Cal. Code Regs. tit. 14,§ 15124(b), (c) (2011) . There is a significant amount of case law holding that a general description of a project’s technical, economic, and engineering characteristics is all that is necessary unless the characteristic is an integral part of the project and a more complete description is necessary in the decision making process. See, e.g., Dry Creek Citizens Coal. v. Cnty. of Tulare, 82 Cal. Rptr. 2d 398, 403 (Cal. Ct. App. 1999) (holding that a general description of water diversion structures provided sufficient information to allow adequate impact analysis, and that it must be proved that more detailed engineering drawings are necessary to better allow the public and decision makers to fully understand the environmental consequences of the entire project); San Joaquin Raptor/Wildlife Rescue Ctr. v. Cnty. of Stanislaus, 32 Cal. Rptr. 2d 704, 709 (Cal. Ct. App. 1994) (holding that a project description for a housing development that did not include the expansion of a public wastewater treatment plant was legally inadequate because the housing development could not proceed without the plant expansion, making the expansion an integral component of the project); Santiago Cnty. Water Dist. v. Cnty. of Orange, 173 Cal. Rptr. 602, 607 (Cal. Ct. App. 1981) (holding that an EIR for a sand and gravel mining operation was inadequate because the project description omitted mention of the construction of water delivery facilities that were an integral part of the project, resulting in some important ramifications of the proposed project remaining hidden from view when the project was being analyzed and approved); Whitman v. Bd. of Supervisors, 151 Cal. Rtpr. 866, 876 (Cal. Ct. App. 1979) (holding that an EIR prepared for a test oil well project failed to consider the environmental impacts associated with an oil pipeline to service the facility if the well proved successful, and that although admittedly contingent on certain occurrences, the pipeline was part of the overall plan for the project and “could have been discussed in the EIR in at least general terms”).
“An indispensable condition or thing; something on which something else necessarily depends.” Black’s Law Dictionary 712 (9th ed. 2009).
San Joaquin Raptor Rescue Ctr. v. Cnty. of Merced, 57 Cal. Rptr. 3d 663, 672 (Cal. Ct. App. 2007) ; “An accurate project description is necessary for an intelligent evaluation of the potential environmental effects of a proposed activity. A narrow view of a project could result in the fallacy of division, that is, overlooking its cumulative impact by separately focusing on isolated parts of the whole.” Burbank-Glendale-Pasadena Airport Auth. v. Hensler, 284 Cal. Rptr. 498, 506 (Cal. Ct. App. 1991) (internal citations omitted);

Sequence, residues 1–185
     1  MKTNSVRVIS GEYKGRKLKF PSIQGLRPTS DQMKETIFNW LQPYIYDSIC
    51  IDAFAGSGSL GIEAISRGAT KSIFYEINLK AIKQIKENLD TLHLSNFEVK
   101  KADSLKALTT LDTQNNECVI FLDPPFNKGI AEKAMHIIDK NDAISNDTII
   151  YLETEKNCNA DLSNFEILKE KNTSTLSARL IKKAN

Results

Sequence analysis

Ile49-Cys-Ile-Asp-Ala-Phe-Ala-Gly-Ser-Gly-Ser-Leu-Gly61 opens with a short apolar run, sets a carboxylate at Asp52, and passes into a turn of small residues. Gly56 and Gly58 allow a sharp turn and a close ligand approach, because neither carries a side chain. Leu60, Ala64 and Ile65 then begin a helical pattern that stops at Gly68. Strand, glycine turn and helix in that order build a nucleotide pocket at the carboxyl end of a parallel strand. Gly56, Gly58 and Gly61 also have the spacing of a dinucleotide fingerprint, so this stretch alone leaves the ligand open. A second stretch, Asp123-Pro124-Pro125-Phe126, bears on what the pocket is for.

CEQA does not require an analysis in the EIR of each and every activity carried out in conjunction with a project. Native Sun/Lyon Cmtys. v. City of Escondido, 19 Cal. Rptr. 2d 344, 354 (1993) (holding that in the case of a land development project subject to a development agreement, the EIR need only include a reference to the agreement and its relevance to the decision making process. The EIR need not include a detailed description of the terms of the development agreement).
Cal. Pub. Res. Code §21168.5 (West 2007).
Pub. Res. §21168.5 .
Pub. Res. §21168.
Long Beach Sav. & Loan Ass’n v. Long Beach Redev. Agency, 232 Cal. Rptr. 772, 780 (Cal. Ct. App. 1986) . “The purpose of CEQA is not to generate paper, but to compel government at all levels to make decisions with environmental consequences in mind.” Native Sun/Lyon Cmtys., 19 Cal. Rptr. 2d at 351 (citing Citizens of Goleta Valley v. Bd. of Supervisors, 801 P. 2d 1161, 1167 (Cal. 1990) ).
Town of Atherton v. Cal. High-Speed Rail Auth., No. 34-2008-80000022, slip op. at 4 (Cal. Super. Ct. Aug. 26, 2009). See also Final EIR 2008, supra note 99, at 2-40.
[U]nion Pacific Railroad had informed the Authority just prior to the publication of the [EIR] that it would not allow the Authority to use any of its right-of-way for the project. And after the [EIR] was released, but before the Authority certified the EIR and made the related findings and decisions, Union Pacific submitted a longer letter reiterating its unwillingness to share its tracks with High-Speed Rail vehicles.
Id. at 6.
Revised Final EIR 2010, supra note 7, at 2-1.
Id.; “The precise location and boundaries of the proposed project shall be shown on a detailed map, preferably topographic. The location of the project shall also appear on a regional map.” Cal. Code Regs. tit. 14, § 15124(a) (2011) .
Town of Atherton, No. 34-2008-80000022, slip op. at 6.
Id. at 16.
Final EIR 2008, supra note 99, at 3.7-33-3.7-34.